This one sounds simple, but the most important thing you can do to make sure you have a natural relationship with food is eat, and eat often. Diets that call for the restriction of entire meals or entire food groups set us up for failure. They are usually unsustainable, and huge calorie deficits slow down our metabolism, turn off important systems in our bodies like the immune system, break down lean body mass, and set us up for weight gain when normal eating patterns are restored.
Instead, focus on eating smaller amounts of food more often. This will help regulate blood sugar swings (which will help to control appetite) and will keep you from getting so hungry that you overeat when you finally sit down to a meal. Likewise, don’t restrict types of food. Our brains do not like the word no and when we tell ourselves we can’t eat something, we end up craving it even more. Instead, let yourself eat what you want, focusing on portion control with richer foods when, if you really pay attention, a little probably goes a long way.
- Listen to Your Body!
Our bodies are fascinating machines and a testament to the power of nature. They are also incredibly good at knowing what they need. To this end, working with our bodies’ hunger/satiety cues instead of against them is a great way to make sure you’re eating the right amount of food. Spend some time tuning into your body and learn to recognize what hunger feels like and what it feels like when it goes away. Then, eat when you feel hungry and stop eating when you don’t anymore. This stopping point, by the way, is well before you feel physical discomfort from fullness. It takes twenty minutes for signals from the stomach to reach the brain, so make sure you’re eating mindfully and slowly to best gage when you’ve had enough.
- Visit the Produce Aisle!
The best way to make sure you’re getting the most bang for your buck from your food nutrition-wise is to focus on upping your veggie intake. The USDA recommends eating nine servings of fruits and veggies a day. If this seems like a tall order, your best bet to meet that goal is to follow the plate method of food portioning.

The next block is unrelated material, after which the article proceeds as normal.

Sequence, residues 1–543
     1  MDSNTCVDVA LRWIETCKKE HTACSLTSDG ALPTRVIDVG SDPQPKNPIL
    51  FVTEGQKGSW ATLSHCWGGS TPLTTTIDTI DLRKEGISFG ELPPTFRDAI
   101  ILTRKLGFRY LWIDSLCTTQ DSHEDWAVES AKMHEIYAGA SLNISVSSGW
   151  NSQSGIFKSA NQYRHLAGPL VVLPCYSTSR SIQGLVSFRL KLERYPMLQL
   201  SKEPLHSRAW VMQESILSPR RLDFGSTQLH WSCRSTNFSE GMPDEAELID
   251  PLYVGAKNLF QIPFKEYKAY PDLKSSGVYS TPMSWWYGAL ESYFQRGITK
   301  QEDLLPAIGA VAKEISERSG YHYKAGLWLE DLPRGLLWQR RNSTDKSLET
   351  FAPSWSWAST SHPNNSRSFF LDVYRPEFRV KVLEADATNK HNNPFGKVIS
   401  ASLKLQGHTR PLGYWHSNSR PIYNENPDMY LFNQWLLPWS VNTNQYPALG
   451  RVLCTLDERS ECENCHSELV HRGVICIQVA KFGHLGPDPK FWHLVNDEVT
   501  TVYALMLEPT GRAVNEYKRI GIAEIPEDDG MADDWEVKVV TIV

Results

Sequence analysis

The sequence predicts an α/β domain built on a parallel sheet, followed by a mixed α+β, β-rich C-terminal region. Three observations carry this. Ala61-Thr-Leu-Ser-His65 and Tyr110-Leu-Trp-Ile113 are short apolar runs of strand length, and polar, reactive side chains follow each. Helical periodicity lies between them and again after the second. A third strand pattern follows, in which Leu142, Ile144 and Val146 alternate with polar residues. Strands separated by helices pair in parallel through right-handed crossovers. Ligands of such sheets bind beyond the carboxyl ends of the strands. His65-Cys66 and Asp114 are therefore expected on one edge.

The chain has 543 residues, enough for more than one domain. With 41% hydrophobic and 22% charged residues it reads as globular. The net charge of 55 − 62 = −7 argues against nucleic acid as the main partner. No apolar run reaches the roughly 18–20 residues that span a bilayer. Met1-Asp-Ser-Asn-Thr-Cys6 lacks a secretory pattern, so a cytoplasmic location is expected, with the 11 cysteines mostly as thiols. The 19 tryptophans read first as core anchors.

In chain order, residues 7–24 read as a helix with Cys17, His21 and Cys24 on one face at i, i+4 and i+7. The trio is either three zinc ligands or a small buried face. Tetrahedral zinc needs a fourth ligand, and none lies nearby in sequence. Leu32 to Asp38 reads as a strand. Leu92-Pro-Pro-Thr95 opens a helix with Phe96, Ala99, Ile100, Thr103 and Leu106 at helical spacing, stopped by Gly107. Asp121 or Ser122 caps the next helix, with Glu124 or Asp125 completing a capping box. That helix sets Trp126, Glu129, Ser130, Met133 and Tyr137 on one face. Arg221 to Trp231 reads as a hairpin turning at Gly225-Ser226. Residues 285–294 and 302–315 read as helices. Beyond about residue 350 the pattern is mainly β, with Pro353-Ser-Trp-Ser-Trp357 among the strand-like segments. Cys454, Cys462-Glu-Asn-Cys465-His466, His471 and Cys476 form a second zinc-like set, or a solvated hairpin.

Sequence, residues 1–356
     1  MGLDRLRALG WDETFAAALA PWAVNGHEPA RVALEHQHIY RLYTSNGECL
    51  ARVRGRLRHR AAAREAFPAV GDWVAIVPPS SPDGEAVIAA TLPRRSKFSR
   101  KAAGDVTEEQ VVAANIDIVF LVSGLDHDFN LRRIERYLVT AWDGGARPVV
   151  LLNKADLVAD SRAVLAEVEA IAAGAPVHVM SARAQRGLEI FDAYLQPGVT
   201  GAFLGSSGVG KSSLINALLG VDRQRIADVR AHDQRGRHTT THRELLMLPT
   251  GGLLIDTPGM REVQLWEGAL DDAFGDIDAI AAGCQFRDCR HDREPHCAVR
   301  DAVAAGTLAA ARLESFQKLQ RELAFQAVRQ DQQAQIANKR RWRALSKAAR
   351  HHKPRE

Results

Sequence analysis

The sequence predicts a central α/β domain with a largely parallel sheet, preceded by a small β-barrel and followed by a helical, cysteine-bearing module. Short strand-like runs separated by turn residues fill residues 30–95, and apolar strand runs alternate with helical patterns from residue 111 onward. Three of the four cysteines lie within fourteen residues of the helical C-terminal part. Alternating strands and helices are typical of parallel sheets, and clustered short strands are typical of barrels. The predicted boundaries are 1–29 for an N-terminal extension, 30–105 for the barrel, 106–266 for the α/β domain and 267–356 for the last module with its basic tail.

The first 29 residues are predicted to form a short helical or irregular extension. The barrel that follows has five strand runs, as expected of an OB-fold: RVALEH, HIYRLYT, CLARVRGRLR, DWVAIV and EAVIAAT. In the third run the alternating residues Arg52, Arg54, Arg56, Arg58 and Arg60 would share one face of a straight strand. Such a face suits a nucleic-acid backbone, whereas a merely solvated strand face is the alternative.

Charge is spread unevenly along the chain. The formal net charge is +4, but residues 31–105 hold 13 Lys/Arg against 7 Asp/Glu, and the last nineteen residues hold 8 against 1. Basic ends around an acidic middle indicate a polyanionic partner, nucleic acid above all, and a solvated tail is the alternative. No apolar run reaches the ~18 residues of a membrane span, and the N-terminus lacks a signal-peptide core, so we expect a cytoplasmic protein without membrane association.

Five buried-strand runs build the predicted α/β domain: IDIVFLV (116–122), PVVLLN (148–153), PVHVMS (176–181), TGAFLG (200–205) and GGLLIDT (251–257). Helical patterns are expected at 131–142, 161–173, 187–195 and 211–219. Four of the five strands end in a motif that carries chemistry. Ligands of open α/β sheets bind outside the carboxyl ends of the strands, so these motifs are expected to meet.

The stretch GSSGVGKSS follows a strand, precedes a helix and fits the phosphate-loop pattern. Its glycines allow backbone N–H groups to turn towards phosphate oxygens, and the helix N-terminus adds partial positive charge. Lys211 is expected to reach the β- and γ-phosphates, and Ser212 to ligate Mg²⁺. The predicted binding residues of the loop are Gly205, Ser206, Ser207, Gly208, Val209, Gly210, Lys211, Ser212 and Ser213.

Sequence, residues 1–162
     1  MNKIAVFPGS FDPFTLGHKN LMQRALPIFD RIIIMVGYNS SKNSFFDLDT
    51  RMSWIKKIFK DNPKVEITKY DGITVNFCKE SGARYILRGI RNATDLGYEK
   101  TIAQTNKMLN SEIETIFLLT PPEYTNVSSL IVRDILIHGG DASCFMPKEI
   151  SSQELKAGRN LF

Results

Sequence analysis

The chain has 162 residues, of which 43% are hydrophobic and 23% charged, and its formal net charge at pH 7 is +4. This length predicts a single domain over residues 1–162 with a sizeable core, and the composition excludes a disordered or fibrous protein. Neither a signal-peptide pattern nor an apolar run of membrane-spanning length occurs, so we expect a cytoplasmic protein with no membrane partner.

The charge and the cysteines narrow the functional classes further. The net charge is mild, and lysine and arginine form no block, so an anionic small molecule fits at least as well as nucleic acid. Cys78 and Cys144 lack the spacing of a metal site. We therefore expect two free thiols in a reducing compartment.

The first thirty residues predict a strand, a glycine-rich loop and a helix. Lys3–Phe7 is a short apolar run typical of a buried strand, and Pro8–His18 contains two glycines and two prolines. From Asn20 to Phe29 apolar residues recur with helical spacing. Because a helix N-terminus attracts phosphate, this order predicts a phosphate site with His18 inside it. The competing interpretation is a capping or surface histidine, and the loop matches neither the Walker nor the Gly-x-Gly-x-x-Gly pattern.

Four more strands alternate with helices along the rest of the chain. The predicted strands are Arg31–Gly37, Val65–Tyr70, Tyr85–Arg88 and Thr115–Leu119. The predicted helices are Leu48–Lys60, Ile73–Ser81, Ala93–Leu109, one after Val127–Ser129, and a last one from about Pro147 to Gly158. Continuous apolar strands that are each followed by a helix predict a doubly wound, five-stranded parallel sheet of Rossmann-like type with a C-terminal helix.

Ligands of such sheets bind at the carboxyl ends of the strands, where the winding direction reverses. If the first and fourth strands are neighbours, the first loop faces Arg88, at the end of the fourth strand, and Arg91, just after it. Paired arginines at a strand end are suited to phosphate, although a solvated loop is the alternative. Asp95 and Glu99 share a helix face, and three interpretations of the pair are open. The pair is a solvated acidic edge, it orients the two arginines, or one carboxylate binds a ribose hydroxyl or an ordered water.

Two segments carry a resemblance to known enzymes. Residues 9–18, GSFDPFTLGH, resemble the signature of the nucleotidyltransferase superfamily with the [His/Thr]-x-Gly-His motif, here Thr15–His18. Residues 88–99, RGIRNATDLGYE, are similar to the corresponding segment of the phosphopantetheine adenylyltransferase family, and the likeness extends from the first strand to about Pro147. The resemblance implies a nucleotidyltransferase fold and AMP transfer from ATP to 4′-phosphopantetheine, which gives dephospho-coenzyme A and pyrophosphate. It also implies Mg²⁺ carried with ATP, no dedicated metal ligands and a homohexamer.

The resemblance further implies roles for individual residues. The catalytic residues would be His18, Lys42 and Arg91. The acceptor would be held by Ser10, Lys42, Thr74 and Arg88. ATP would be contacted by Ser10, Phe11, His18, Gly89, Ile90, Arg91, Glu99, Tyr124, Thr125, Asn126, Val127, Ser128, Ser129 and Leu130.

With the plate method, you eat your meals on a standard dinner plate, making a full half of that plate vegetables. The other half is then divided into carbs (¼ of the plate or about a cupped palm) and protein (also ¼ or about the size of a deck of cards). Do this at every meal, throw in a couple of servings of fruit throughout the day as snacks, and you’ll hit those nine servings of produce in no time!
- Stay hydrated!
What does this have to do with food, you may ask. More than you’d guess! The truth is our brains don’t differentiate well between hunger and thirst so even mild dehydration can make us feel like we are hungry when our bodies don’t actually need food. Also, dehydration causes fatigue, which can make us turn to caffeine and sugar to try to pep up, adding unnecessary calories to our intake. So, if you’re feeling a little lackluster but not feeling hunger pangs, I suggest hitting the sink instead of the fridge to rev yourself back up!
- Get moving!
Another thing that doesn’t immediately seem related to food, however anybody who’s ever exercised regularly can tell you that it definitely affects your appetite. Not only does exercising burn calories, it raises your metabolism for hours after you’re done working out so you’re still burning energy later even just sitting on the couch. Also, exercise helps to balance out hunger-regulating hormones like leptin and ghrelin, establishing a natural rhythm with our hunger cues.
By Rick Elliott